08.04.2021 Author: Konstantin Asmolov

On Russia’s Foreign Minister’s Visit to Seoul


On March 23 – 25, 2021, Russia’s Foreign Minister, Sergey Lavrov, visited South Korea. This was Lavrov’s first visit to Seoul since 2013, when he accompanied President Vladimir Putin. And before that, Lavrov had visited Seoul in 2009, after a trip to North Korea.

This year’s event, devoted to the 30th anniversary of diplomatic relationship between Russia and South Korea, had been initially scheduled for 2020 but was postponed due to the COVID-19 pandemic. However, on September 28, 2020, the South Korea’s leader Moon Jae-in had a phone conversation with Vladimir Putin and invited him to visit Seoul. Later that year, in December 2020, Mr. Moon sent Woo Yoon-keun, one of the oldest members of the ruling party, as a special envoy to Russia to discuss the details of celebration of the forthcoming 30th anniversary of diplomatic relationship, as well as to look into the ways of further strengthening the relationship between Russia and South Korea.

Prior to leaving for Korea, Sergey Lavrov had an online press conference with Korea’s media representatives, where he emphasized that “the Republic of Korea is our important and promising partner in the Asia-Pacific region.” As part of the agenda for the future discussions he mentioned the cooperation in combating COVID-19, as well as “the main subjects on the international and regional agenda, including the situation on the Korean Peninsula.”

On March 23, Sergey Lavrov arrived in Seoul from China where he had negotiations with Wang Yi, China’s Minister of Foreign Affairs.  On March 24, the Heads of Foreign Affairs of Russia and the Republic of Korea took part in the ceremony celebrating the 30th anniversary of establishing diplomatic relationship between the countries. This ceremony started the Year of Cultural Exchanges between the Russian Federation and the Republic of Korea. To comply with social distancing regulations, about 50 representatives from the both countries attended the ceremony.

The bilateral negotiations between the ministers took place on March 25. As reported in the press release issued by the Russian Ministry of Foreign Affairs, “the relevant issues in the bilateral relationship, including the schedule of political contacts were discussed in detail. The parties focused on potential expansion of cooperation in practical areas, including the implementation of the “Nine bridges” concept, as well as joint efforts in combating the COVID-19 outbreak”.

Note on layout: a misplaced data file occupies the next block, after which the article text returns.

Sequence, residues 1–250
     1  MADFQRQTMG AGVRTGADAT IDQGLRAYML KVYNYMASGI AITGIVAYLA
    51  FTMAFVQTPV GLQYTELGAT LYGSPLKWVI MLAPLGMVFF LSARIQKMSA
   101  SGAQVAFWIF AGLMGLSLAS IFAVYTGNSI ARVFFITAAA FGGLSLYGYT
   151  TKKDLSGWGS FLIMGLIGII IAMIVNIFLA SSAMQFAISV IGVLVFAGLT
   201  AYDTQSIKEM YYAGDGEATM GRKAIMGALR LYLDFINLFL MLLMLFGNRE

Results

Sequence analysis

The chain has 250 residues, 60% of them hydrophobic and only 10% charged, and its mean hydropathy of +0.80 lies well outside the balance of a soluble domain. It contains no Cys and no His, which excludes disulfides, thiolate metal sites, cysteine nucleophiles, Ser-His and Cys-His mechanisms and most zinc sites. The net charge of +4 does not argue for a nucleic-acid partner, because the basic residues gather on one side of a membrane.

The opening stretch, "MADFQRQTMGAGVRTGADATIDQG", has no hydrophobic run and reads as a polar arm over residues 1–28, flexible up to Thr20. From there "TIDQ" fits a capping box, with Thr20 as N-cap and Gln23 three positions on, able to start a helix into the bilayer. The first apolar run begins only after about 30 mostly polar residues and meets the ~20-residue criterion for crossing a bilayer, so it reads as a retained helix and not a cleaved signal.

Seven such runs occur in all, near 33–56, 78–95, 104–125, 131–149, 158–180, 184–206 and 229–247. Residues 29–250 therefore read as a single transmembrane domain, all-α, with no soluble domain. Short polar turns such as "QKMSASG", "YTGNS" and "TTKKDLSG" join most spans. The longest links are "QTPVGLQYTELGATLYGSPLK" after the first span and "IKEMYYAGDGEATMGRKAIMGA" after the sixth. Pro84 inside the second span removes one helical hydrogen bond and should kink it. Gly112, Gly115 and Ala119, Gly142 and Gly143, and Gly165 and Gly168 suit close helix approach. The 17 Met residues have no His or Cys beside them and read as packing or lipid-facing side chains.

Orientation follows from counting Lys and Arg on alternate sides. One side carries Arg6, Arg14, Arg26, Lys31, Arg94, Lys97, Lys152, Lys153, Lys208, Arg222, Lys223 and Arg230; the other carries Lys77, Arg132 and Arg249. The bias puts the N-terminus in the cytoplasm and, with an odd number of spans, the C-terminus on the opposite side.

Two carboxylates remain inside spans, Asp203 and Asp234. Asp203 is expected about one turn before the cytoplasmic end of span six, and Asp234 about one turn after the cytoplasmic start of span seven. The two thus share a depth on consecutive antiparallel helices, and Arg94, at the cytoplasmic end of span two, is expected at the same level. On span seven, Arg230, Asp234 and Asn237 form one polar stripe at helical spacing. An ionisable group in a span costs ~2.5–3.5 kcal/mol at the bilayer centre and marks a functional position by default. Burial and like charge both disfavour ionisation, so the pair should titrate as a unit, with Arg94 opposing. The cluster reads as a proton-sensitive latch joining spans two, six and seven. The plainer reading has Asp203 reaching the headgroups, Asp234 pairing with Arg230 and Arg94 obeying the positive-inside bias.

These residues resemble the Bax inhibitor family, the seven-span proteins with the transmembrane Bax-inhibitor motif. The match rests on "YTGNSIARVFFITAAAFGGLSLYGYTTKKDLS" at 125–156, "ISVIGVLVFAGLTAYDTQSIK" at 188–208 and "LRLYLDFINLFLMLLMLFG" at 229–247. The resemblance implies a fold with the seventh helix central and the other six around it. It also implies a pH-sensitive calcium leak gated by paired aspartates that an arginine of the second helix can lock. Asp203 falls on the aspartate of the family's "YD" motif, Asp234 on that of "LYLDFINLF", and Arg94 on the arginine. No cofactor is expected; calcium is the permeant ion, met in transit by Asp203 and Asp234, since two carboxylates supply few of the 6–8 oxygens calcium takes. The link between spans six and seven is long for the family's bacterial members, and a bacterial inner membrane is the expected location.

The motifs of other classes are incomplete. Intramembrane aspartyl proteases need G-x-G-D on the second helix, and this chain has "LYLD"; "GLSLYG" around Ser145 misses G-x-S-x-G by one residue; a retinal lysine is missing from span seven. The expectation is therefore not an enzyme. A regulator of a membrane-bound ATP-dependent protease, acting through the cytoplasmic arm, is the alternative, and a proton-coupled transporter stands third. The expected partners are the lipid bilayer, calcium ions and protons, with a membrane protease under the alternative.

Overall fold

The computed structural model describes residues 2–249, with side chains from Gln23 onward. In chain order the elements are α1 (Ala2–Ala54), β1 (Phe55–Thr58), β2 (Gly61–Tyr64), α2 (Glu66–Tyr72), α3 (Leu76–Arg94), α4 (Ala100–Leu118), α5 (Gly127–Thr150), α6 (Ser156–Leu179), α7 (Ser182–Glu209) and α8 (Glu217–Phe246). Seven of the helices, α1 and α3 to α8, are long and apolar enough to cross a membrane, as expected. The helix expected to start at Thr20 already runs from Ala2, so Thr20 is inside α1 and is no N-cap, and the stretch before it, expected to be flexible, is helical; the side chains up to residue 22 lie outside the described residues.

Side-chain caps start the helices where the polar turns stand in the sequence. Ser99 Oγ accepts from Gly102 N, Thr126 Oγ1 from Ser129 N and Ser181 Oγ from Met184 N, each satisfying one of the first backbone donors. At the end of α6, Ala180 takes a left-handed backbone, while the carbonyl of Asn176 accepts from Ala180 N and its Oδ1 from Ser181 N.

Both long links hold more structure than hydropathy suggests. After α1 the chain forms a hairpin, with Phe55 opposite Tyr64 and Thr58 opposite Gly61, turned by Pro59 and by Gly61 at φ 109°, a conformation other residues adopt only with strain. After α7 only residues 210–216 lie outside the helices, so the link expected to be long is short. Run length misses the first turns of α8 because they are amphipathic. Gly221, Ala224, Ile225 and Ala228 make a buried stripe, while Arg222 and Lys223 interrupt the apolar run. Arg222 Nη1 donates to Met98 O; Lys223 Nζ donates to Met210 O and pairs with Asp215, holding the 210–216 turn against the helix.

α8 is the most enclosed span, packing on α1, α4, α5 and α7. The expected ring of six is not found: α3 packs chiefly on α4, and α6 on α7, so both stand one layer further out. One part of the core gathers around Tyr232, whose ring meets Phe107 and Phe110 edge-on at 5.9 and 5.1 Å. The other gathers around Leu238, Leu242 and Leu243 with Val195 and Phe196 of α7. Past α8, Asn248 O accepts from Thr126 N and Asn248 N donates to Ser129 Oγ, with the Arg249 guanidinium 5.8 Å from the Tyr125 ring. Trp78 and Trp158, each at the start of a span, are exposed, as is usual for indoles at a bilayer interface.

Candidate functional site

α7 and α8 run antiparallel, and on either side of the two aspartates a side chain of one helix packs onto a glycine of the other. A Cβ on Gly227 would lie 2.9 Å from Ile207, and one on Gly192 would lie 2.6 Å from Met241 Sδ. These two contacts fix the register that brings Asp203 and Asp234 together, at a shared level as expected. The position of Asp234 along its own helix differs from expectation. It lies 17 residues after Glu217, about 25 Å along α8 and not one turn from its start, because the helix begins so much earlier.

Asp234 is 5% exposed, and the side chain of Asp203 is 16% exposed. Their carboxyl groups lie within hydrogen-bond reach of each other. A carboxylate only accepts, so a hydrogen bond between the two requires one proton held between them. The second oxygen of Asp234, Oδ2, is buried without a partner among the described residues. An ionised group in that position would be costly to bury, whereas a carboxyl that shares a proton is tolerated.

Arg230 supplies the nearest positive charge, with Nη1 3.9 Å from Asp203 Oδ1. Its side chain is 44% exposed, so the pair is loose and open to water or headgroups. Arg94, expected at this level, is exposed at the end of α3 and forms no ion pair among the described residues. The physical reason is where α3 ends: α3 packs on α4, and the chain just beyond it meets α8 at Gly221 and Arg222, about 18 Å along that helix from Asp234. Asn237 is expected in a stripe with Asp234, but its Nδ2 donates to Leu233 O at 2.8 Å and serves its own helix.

After the negotiations a joint press conference was held, where the parties “reaffirmed the high level of our political dialogue and our resolve to continue expanding and invigorating our contacts, including between our presidents and governments.” The Republic of Korea was again mentioned as “one of Russia’s most important partners in Asia Pacific”. On the same day, Sergey Lavrov flew back to Russia.

A lot was said, but the but the gist of Lavrov’s speeches can be summarized as follows:

  • When celebrating the 30th anniversary of establishing bilateral diplomatic relationship, the parties highly appreciated the progress in diplomatic, economic and other areas. Chung Eui-yong, the Republic of Korea’s Foreign Minister, “pointed to a sharp rise in bilateral exchanges, such as an increase in two-way trade, which rose to over US$22 billion in 2019 from $200 million recorded 30 years ago, stressing that it is proof that the two countries are ‘good friends and partners’.”
  • Lavrov stated that “the historical decision made on September 30, 1990 was a logical result of Moscow’s New Political Thinking and Seoul’s Northern Policy. In other words, our countries abandoned the fallacious Cold War logic that divided them for several decades.”  According to Lavrov, “Russia and the Republic of Korea maintain truly neighborly relations based on common long-term interests and distinguished by a high level of mutual respect and trust.”  The author also notes that previously the relationship between the two countries were called strategic partnership, which stands for even closer relationship.
  • Besides that, Lavrov hinted at the fact that economic component is the main element of this partnership. “Economic turnover and investments are drivers for rapid development of bilateral cooperation.”
  • Lavrov “expressed concern that the US strategy for the Indo-Pacific region could be an attempt to create a bloc against specific countries”. He stated that even the term “Indo-Pacific region” was introduced as part of the same attempt to change the common terminology. In this context Lavrov highlighted “ASEAN’s central role in the development of regional cooperation in all spheres.” He also focused on the importance of the existing forums, “such as the East Asia Summit, the ASEAN Regional Forum and the ASEAN Defence Ministers Meeting”.
  • The Republic of Korea and Russia agreed to continue their close relationship and extend cooperation to achieve progress in establishing the peace on the Korea Peninsula using political and diplomatic methods: “Moscow and Seoul are still committed to the soonest continuation of negotiations between the parties involved, in order to settle down all the problems of this region.” Chung Eui-yong “asked Russia to continue to play a constructive role going forward,” and Lavrov “emphasized that it is important for all concerned countries to make various endeavors, including the suspension of an arms race and all types of military activities, to maintain peace and stability in Northeast Asia, including the Korean Peninsula ().”
  • The plans presented by the Korea’s President Moon Jae-in during the Eastern Economic Forum in Vladivostok in 2017, were not discussed. These plans were aimed at finally getting the North Korea involved in resolving the denuclearization issue.